Pa-pa-pamukkale!

The Pamukkale trip, our last stop in the Aegean region, is prolly the shortest tour we had in our second visit to Turkey (in terms of number of places visited). No wonder, the tour specialists did not dare add up one more site because the city spans a vast area. This day’s itinerary lists only two places to visit: the massive and white Cotton Castle and the Greco Roman Hierapolis Ancient City. Both places are inscribed as a UNESCO World Heritage Site in 1988.

Our day started with a three-hour drive from Selcuk to the province of Denizli. From afar we could see something synonymous to a snow covered mountain. It was so dazzling and with the sun shining at noon, it’s quite hard to look at its majesty with a naked eye. Its huge contrast to its surrounding is luring me to come check it out quick. But before getting up there, we had lunch on a restaurant overlooking the travertines. The eatery was a really large mess hall (so big, we saw a lot of familiar faces from the last 3 days of the tour) with a variety of Aegean dishes on the buffet table. But seriously, with this view in front of me, I’d rather run to it fast than stuff myself. :p

The actual tour started at 1:30; we drove up to the top and entered from there. We first walked to Hierapolis (Holy City), an ancient Roman city founded by the king of Pergamum. The archaeological site is huge, with a number of studies and excavations still ongoing. First stop is the century-old Basilica from where we got a glimpse of the nearby Roman Theater that could seat 20,000 people.

Then we headed near the Ancient Pool where our guide asked us to choose between exploring the rest of Hierapolis or going for a short swim. Some selected the pool option but my buddy and I prefer to see the rest of the city. So we then did some hiking on the rocky surface under the scorching afternoon sun. Bad idea, kinda…

Opposite the entrance to the ancient pool is the Archaeological Museum where they preserve the artifacts they excavated from Hierapolis. It has a huge open area beside it where a lot of capitals, friezes, jars and other relics were kept.

The Necropolis (cemetery) of Hierapolis is said to be the largest in Anatolia. There are about 1,200 tombs.

We also checked out the Agora with the ruins of the Arch of Domitian standing on the end of the street called Plateia.

Before passing through the arch, on the right, was the colonnaded Public Latrine (toilet).

Also, on this side of the ancient city, we found a lot of excavations and studies going on.

On the left side of the arch is a tomb of Flavius Zeuxis, a merchant made famous by his tomb’s inscription saying that the merchant had travelled to Italy 72 times by sea.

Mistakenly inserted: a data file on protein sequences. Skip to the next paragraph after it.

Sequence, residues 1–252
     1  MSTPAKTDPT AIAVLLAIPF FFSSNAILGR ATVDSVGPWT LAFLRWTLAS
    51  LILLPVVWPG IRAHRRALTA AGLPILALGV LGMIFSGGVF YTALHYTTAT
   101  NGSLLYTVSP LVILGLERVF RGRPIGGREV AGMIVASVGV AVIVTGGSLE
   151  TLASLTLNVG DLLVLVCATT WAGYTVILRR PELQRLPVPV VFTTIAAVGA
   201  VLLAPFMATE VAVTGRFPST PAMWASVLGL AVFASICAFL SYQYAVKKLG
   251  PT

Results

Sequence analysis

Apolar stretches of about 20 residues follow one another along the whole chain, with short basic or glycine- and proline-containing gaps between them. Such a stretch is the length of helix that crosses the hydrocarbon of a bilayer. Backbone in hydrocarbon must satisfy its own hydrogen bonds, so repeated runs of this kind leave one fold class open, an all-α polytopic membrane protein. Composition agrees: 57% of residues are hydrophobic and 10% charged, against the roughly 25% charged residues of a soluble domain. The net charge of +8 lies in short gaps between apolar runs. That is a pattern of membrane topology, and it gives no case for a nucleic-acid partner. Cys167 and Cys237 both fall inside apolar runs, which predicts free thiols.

After seeing Hierapolis, we were given an hour and a half to see the Calcium Terraces. We crossed the undefined street and walked on a landscaped path that led us to the boardwalk and then, to the travertines. Loaded with people, I tell you!!

The view of the city from up there is breathtaking! Add to that the huge contrast between the lush green town and the dazzling white terraces.

Before we went out, we checked out the Sacred Pool/Antique Pool and found a thermal pool with fragments of marble columns on its basin. Pretty cool, huh.

At 3:30 in the afternoon, we met up with our tour guide who is waiting for us in the ticket office. Little did we know that the bus to Istanbul will leave at 10 in the evening and we need to be at the bus station at 8:30. We had nothing to do in the next 5 hours! So we went back to the foot of the mountain and entered a public park with a man-made lake in the center. From there, we had a fantastic view of the travertine terraces while dipping our feet on the lake–instant time pass.

We had dinner on a local restaurant overlooking the terraces. Last chance to dig some Aegean dish. This time we tried Turkish pancakes with potato, egg and some meat filling.

Come 8:30, we embarked on an hour ride heading to Denizli Bus Station. Here I witnessed a heartwarming scenario shared by local families and friends. Everyone comes with the passenger to the station and when the bus starts moving, they were all waving, calling and blowing kisses from their leaving family/friend. All together now – awwww…

We boarded the Varan bus, which is, to my opinion, a very good ride. It was totally not what I was expecting. The bus has some snacks on board, pillows, blanket, headset and a small TV (oh yeah!) for each passenger! Cool! For a sec, I thought it was an airplane ride. :p Now on to a ten-hour drive to Istanbul.

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